But the measure has drawn sharp criticism from many law enforcement officials of all political stripes — including Second Amendment purists, who say it endangers public safety.
“It’s just a terribly written law,” Sheriff Brad Cole, a Republican from Christian County in the rural Ozarks region of the state, said last year, echoing the sentiments of other local officials.
In an affidavit filed in the state case in August, the special agent in charge of the Kansas City field division of the Bureau of Alcohol, Tobacco, Firearms and Explosives, reported that nearly a quarter of state and local enforcement officials who worked directly with the agency — 12 of 53 officers — had withdrawn from joint collaborations.
In addition, state and local agencies have begun to restrict federal access to investigative resources they have historically shared, including the Missouri Information Analysis Center, a state crime database, and the Kansas City Police Department’s records system, he said.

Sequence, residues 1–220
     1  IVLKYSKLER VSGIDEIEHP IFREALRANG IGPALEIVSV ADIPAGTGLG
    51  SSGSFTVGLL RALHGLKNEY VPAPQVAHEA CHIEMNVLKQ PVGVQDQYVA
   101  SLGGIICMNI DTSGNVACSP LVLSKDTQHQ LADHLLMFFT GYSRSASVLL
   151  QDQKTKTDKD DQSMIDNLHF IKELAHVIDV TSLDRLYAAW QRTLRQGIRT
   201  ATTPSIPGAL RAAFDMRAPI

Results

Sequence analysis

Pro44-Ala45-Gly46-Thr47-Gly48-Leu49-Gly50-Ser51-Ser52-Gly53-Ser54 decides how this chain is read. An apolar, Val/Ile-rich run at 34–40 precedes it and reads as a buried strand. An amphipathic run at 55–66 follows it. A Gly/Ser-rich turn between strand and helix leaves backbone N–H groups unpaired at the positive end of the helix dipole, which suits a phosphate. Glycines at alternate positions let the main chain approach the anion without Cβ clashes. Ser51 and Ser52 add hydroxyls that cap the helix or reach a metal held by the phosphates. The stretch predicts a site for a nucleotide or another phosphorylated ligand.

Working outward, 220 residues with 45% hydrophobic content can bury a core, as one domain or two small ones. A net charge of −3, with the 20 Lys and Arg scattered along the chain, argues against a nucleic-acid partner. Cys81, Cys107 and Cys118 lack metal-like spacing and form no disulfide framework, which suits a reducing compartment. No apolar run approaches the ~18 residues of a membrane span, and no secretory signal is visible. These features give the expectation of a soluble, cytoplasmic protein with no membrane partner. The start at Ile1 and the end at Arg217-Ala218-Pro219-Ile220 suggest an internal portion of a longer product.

The bill’s supporters have argued that the new law is constitutional and does not prohibit federal agents from operating in Missouri. They have argued it only blocks state and local law enforcement officials from working on such cases without explicit proof that their actions will not contribute to the confiscation of guns from law-abiding citizens.
Gov. Mike Parson, a former sheriff, has suggested that the legislature should revisit the law to address the objections of law enforcement officials.
The Justice Department said it had filed the suit to assert a larger constitutional principle.
“A state cannot simply declare federal laws invalid,” said Brian M. Boynton, head of the Justice Department’s Civil Division, said.